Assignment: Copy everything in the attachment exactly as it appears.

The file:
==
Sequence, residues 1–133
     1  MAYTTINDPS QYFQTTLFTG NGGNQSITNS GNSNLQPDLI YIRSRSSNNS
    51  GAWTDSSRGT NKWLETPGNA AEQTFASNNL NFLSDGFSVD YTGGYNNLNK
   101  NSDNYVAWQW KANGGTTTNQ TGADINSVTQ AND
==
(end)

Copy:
Sequence, residues 1–133
     1  MAYTTINDPS QYFQTTLFTG NGGNQSITNS GNSNLQPDLI YIRSRSSNNS
    51  GAWTDSSRGT NKWLETPGNA AEQTFASNNL NFLSDGFSVD YTGGYNNLNK
   101  NSDNYVAWQW KANGGTTTNQ TGADINSVTQ AND